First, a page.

“I’ve been drinking coffee, like, more coffee than most people have in a lifetime.”
“But you’re sleeping a bit, right?”
“Yeah, a bit. She said they might get worse, the dreams.”
My bum was getting cold. Colder. I shifted about pointlessly. The lights of passing cars cut through the darkness, illuminating her face for a moment, the dark eyes my imagination called ‘dusky’ flashing as the beams caught them.
I was still grinning like an idiot, only now a cold, wet idiot, with even less idea of what I was doing than when I was in the pub.
“Yeah, you know, the one who gave me this.”
She lifted her hand from where it had sat in her pocket, to reveal a locket, chainless, that nestled in her now-open palm. I couldn’t tell what it was made of in the dark. She squeezed and it popped open.
I knew the person whose face lay within, like I knew my own. I was speechless just long enough for her to say-
“It’s my mum, “
and the words froze in my open mouth and I rocked backwards, the world falling away. Her face appeared above mine, head to one side.
I stopped, put a hand to my head, then pushed myself up. She had leaned back against the stone, but was still watching me. I tried again.
“Maira, that’s not your mum.”
Her mouth made a perfect circle, an OH of surprise. Then her face twisted up and she shook her head, side to side like a little girl.
“Is so my mum. What would you know anyway?”
“Well, uh, thing is, it’s my mum.”
We sat, the rumble of traffic intruding into the bubble of awkward silence that hung between us. I was trying to recover from the change in her voice, the high pitched whine that had emerged, bound to words that came from someone far younger than the woman sat before me.
A thought came to me then, dredged up from somewhere deep in my memory, something my dad had said, on one of his better nights. ‘There was supposed to be two of you. Maybe that’s why you’re so bad at everything, maybe she got all the good stuff.’ Mum died giving birth to me, but I never felt the loss, she was always with me. I dreamed about her, once I ‘was old enough’ to know the truth and look at the pictures.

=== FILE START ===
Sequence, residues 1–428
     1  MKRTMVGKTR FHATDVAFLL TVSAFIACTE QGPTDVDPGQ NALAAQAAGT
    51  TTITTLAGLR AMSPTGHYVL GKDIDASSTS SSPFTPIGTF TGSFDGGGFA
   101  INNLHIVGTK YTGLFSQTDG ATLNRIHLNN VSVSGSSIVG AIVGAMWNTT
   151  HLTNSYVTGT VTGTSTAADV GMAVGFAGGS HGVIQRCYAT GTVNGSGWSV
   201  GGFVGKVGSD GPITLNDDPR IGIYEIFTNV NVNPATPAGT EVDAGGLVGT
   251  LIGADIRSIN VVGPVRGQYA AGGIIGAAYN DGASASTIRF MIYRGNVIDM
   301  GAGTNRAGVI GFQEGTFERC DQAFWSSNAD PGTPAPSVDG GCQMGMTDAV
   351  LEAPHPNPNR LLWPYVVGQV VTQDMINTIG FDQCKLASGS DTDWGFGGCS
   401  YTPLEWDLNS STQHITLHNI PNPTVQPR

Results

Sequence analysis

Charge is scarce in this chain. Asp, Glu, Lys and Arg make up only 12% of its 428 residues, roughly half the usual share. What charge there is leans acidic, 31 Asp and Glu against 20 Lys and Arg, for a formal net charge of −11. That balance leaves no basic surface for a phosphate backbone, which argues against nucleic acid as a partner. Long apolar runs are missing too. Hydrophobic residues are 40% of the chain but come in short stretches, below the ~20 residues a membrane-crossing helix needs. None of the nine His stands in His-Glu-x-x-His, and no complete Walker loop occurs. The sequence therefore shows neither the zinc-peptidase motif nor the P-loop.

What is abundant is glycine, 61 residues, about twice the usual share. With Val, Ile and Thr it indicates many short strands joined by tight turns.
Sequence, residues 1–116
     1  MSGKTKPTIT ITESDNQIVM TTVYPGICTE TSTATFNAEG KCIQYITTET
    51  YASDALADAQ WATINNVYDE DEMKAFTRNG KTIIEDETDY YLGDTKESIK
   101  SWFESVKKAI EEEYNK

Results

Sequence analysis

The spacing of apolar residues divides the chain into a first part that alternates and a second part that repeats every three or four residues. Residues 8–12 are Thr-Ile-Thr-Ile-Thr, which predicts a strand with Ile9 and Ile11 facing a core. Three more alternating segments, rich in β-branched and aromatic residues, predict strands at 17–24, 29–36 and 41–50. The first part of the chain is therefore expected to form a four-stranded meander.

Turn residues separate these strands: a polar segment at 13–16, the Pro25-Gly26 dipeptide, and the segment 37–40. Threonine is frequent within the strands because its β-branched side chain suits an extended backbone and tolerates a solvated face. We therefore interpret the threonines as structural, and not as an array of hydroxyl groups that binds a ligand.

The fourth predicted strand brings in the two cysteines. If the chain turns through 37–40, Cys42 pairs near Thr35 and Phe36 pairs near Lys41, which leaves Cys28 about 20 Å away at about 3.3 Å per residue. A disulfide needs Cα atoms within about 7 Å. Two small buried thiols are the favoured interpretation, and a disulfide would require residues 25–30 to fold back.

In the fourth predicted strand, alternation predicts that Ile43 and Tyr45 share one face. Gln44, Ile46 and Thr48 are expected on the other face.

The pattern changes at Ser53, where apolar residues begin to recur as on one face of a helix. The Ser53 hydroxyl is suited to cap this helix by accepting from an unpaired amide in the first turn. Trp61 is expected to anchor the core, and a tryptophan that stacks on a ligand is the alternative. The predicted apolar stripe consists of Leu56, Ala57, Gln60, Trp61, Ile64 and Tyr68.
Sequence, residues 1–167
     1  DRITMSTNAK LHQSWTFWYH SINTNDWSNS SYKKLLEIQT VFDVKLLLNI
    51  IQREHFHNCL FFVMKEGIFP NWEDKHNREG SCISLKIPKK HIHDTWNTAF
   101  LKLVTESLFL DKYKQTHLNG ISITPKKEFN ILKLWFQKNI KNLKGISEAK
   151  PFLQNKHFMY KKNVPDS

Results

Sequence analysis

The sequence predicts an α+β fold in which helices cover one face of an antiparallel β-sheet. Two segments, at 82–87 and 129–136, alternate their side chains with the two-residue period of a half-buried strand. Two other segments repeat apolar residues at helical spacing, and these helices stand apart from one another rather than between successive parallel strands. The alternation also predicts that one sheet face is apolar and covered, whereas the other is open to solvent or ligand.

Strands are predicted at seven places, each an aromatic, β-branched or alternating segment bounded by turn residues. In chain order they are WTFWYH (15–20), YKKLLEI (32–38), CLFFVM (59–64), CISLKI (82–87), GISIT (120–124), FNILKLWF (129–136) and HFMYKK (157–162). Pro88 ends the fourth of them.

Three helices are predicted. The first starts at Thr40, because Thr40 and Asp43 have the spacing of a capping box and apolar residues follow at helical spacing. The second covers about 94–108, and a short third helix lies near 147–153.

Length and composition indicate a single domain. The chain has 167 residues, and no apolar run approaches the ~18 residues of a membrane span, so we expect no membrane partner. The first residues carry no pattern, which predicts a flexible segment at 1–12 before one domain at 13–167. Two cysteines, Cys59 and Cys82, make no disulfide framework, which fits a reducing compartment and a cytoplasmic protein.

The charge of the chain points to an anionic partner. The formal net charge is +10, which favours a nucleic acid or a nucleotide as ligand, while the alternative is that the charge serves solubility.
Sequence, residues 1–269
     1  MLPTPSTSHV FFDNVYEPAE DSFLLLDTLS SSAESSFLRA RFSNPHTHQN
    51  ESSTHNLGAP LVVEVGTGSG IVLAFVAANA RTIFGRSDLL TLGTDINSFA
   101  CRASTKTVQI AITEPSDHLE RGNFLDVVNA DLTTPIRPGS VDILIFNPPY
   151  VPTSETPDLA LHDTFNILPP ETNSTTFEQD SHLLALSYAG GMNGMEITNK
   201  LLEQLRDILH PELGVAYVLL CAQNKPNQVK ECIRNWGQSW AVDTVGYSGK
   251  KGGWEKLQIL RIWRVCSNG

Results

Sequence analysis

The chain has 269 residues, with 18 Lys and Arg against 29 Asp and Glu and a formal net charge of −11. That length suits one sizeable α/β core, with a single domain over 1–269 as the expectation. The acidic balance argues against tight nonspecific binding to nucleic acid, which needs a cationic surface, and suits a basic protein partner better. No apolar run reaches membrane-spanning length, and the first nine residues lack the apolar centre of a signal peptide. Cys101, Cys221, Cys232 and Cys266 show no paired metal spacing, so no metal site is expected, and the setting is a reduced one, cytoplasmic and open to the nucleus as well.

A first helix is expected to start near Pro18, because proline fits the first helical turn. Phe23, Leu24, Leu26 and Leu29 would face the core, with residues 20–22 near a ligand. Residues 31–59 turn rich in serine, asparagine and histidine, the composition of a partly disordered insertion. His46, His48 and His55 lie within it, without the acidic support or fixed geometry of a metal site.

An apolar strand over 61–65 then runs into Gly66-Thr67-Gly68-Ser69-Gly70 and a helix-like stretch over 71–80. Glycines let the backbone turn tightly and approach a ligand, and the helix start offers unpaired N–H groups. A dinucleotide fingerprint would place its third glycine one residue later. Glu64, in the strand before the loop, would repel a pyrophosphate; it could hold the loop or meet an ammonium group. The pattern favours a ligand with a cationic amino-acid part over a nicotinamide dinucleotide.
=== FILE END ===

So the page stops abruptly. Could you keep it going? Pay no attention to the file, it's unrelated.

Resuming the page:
Of course, they didn’t tell me the truth, not til much later. I was a twin. It was my other half that killed her, ruptured something on the way out and she bled out on the bed.
I realised then what I’d been searching for my whole life, why my longest relationship was shorter than the LOTR extended editions. Her face was scrunched up like a flannel, belligerent and disbelieving.
“She is my mum, she is, she is.”
I nodded, then realised she probably couldn’t see it in the dark.
“Yeah, I think she is. Maira, what do you dream about?”
“Darkness and tunnels and blood and kicking, I’m always kicking.”
I wasn’t cold anymore. My forehead was throbbing, sharp spikes behind my eyes. Her eyes went wide as I closed the gap between us. My hands went around her throat and I could feel her pulse, the quickening throb against my palm. She grabbed my arms, hands and feet flailing as I squeezed, and I shoved her against the stone, then down onto the sodden ground.
She stopped kicking.
The gravestone was trailing water, like a wreck hauled up from the depths. I traced each letter, not knowing who they belonged to. I looked around, the graveyard closing in about me, just me and the dead, all waiting for something, someone.
I thought I’d been talking to someone. Shaking my head, I pushed up from the ground and left the graveyard.
(I picked the locket up and tucked it back into my pocket. I thought this one was going to be a keeper. Pity, she reminded me of someone as well. Why do all the girls switch off when I start talking about mum?)